Thimphu: The Mountain Echoes literary festival saw speakers highlighting the nuances of Philosophy, Spirituality and Music amongst others on day One of the festival.
With an aim to celebrate Untouched Beauty, Unexplored Ideas and Unstoppable Voices from the heart of the happiest country in the world, Mountain Echoes began with the traditional Rapa Dance performance, an evocative chronicle of the fifty years of enduring friendship between Bhutan and India. This was followed by the mesmerizing chanting by the Bhutan Nuns Foundation, introduced by Dr Tashi Zangmo. The opening address was delivered by Festival Co-Director Pramod Kumar KG.
Her Majesty the Royal Queen Mother Ashi Dorji Wangmo Wangchuck spoke of her convictions, beliefs, ideals and aspirations. Drawing from her life and the spiritual and cultural values of Bhutan, she shared her thoughts on what shaped her commitment to the service of her country.
Putting the spotlight on the formal relations between India and Bhutan, His Excellency Ambassador General V. Namgyel and His Excellency Ambassador Jaideep Sarkar spoke of the partnership between both countries, chronicling the shared vision, mutual trust and cooperation. They shared their experience and insights with the Director of the Royal Institute for Governance and Strategic Studies, Zimpon Wom Chewang Rinzin.
‘Translating the Sutras’ saw writers Khenpo Sonam Phuntsok and Veer Singh talking about the spiritual wisdom of Buddhist texts in the contemporary world, and how the meaning of life can be derived from the Sutras. Following the session was ‘Bee Quest: Sibjam Ecology and Conservation’, supported by the British Council, that had author Dave Goulson discuss bumblebee ecology, conservation projects and agro-ecosystems with conservation expert Karma Samdrup. Karma highlighted the sound environmental and bee-ecology practices in Bhutan.
Veteran singer Usha Uthup and Kunga Tenzin Dorji, one of Bhutan’s best-known rock musicians, regaled the audience with stories of the influence of music across generations and across boundaries in ‘One, Two, Cha-Cha, Cha’. After reminiscing about her days singing in Kolkata to becoming a leading voice for actresses like Sridevi and Rekha, she upped the tempo with popular Hindi and English hits, receiving much cheer and adulation from the crowd.
Poetry took center stage with American poet Sarah Kay, who introduced the power of spoken word poetry on the first day of the festival. Part performance and part speech, Kay created magic on stage and mesmerised audiences with a power-packed performance that included her popular works ‘B’ and ‘The Type’ in her session ‘Considering Breakthrough: Connecting with Spoken Word Poetry’.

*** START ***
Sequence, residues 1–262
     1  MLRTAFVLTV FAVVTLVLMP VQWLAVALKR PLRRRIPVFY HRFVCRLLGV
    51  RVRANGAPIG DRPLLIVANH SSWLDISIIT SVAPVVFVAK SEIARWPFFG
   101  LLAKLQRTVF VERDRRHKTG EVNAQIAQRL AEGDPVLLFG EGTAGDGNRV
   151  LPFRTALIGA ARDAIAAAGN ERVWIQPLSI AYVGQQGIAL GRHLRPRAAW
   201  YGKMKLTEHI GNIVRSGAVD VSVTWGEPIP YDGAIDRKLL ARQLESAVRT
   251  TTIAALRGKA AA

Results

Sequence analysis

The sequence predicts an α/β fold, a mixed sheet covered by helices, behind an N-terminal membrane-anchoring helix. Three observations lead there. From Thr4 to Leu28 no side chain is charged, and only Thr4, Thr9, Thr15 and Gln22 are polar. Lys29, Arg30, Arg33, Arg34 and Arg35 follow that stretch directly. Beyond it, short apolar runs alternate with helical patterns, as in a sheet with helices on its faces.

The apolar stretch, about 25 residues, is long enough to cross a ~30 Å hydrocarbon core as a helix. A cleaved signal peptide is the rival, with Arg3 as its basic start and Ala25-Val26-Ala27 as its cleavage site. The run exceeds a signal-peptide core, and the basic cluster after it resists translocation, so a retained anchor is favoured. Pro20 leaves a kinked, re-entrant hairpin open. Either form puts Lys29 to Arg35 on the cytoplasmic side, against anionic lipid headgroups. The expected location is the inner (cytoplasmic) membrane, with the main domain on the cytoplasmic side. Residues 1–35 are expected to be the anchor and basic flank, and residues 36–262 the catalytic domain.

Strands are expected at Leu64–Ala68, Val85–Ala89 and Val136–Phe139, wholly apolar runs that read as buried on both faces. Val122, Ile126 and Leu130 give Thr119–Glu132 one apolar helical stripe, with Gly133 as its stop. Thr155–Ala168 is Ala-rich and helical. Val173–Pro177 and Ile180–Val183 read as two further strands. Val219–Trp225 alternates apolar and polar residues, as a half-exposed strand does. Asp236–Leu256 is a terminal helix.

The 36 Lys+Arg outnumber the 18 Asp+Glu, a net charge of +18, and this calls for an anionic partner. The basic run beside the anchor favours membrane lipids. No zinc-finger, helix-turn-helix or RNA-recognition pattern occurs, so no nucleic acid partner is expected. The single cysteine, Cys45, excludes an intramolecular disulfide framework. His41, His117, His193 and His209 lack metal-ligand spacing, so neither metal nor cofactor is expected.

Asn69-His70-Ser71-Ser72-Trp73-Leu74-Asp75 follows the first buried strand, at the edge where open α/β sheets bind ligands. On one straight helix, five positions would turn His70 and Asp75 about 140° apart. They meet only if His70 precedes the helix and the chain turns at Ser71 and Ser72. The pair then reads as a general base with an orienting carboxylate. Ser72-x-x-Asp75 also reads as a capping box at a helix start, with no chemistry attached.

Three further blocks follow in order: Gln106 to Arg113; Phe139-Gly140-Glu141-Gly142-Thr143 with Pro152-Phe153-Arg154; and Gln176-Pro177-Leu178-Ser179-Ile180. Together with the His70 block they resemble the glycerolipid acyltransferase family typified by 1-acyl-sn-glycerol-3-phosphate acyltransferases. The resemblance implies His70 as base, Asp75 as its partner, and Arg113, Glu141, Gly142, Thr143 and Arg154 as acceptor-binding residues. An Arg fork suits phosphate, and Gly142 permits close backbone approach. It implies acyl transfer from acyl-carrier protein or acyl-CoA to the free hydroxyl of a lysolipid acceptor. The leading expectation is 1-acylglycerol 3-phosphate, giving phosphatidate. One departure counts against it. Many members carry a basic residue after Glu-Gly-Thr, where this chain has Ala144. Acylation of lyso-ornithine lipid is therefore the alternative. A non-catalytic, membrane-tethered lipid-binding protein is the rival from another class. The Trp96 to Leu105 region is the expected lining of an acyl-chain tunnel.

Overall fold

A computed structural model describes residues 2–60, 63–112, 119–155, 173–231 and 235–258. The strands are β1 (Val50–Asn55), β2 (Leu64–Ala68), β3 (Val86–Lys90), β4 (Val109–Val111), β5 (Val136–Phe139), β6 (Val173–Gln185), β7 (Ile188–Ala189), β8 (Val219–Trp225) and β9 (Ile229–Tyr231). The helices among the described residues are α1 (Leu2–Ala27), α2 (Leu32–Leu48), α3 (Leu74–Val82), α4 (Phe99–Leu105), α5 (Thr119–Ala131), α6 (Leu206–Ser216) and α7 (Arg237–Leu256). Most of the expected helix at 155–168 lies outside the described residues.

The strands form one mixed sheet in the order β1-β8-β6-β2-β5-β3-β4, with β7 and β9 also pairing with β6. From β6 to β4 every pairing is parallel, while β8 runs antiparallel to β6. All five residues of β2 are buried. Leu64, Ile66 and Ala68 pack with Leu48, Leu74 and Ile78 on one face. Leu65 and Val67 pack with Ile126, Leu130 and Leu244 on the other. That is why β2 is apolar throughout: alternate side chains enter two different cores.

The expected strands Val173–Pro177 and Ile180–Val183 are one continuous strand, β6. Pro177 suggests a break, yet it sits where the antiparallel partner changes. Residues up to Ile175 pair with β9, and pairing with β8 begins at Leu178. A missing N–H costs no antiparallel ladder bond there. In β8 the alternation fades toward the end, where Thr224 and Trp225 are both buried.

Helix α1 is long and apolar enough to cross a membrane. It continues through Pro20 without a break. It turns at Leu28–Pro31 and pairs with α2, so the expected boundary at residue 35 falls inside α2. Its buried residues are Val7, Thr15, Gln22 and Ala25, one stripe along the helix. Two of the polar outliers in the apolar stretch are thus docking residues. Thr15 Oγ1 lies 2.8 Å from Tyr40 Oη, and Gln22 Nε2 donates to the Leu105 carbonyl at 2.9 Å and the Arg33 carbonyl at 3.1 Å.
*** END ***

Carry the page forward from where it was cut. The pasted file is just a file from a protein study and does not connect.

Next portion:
‘And Then One Day’ saw a candid chat between Vani Tripathi Tikoo and veteran actor Naseeruddin Shah, on his life, his journey as an actor, his love for theatre and his memoir. He also spoke about his relationship with his father, his formative years at National School of Drama and Film & Television Institute of India, and his admiration for Shammi Kapoor and Dara Singh.
‘The Wildings Meet Dawa’ had Nilanjana Roy, the author of The Wildings and The Hundred Names of Darkness, in conversation with iconic Bhutanese writer Kunzang Choden, tracing their literary journeys from Animal Farm to the stories of warrior toms like Nilanjana’s Miao and extraordinary stray dogs like Choden’s Dawa. Nilanjana opened-up about living and decoding a city through the eyes of a cat in her narrative, while Kunzang spoke about the complex relationship shared between the Bhutanese and dogs.
In ‘Living Museums: The Fabric of Culture’, Tshering Uden Penjore, Aparajita Jain and Malvika Singh discussed how geographies and culture give way to human memories, places and symbols that are a perennial part of human existence.
‘Natural Treasures of Rajasthan: Blueprints for Revival’, powered by Department of Tourism, Government of Rajasthan, saw environmentalist Valmik Thapar speak of his association with innovative interventions for wildlife in Rajasthan. He spoke of building communities and engaging greater human support for nurturing and protecting our natural resources.
A poignant tale of The Guru (Master) and The Shishya (Student) was presented in Gurudakshina. Through his performance, Aditya Roy explored his deep respect and gratitude for all his gurus who have brought him to the juncture of learning, being fearless and achieving the near impossible.
Two enriching workshops were held on the art of storytelling with Sonam Wangmo Jhalani that spoke on crafting elements of fiction: character, plot, dialogue, setting, and point of view. The workshop included fun writing exercises for the attendees. This was followed by ‘Stagecraft’ with Usha Uthup that delved deep into the nitty-gritties of sound production, choosing musical instruments and honing vocal styles among the young.
Rinzin Rinzin’s latest work, Dewdrops in the Sun: A Treasury of Poems was released by Dasho Dr Sonam Kinga, in a reunion of old friends and co-parliamentarians. Dasho spoke about Dr Rinzin’s work at length and with passion, symbolic of their long friendship. Revisiting history through an engaging manner was writer Nayanika Mahtani who spoke to middle-schoolers about her latest book, The Gory Story of Genghis Khan. Mahtani took the children through a delightful voyage into the history of the Mongols. The session was packed to the seams, both in numbers as well as excitement.
Set against the stunning backdrop of the Eastern Himalayas, Mountain Echoes literary festival is an initiative of the India-Bhutan Foundation, in association with India’s leading literary agency, Siyahi. Presented by the Jaypee Group and powered by the Department of Tourism, Government of Rajasthan, the three-day festival is on till August, with engaging and insightful discussions being held across five locations in the city.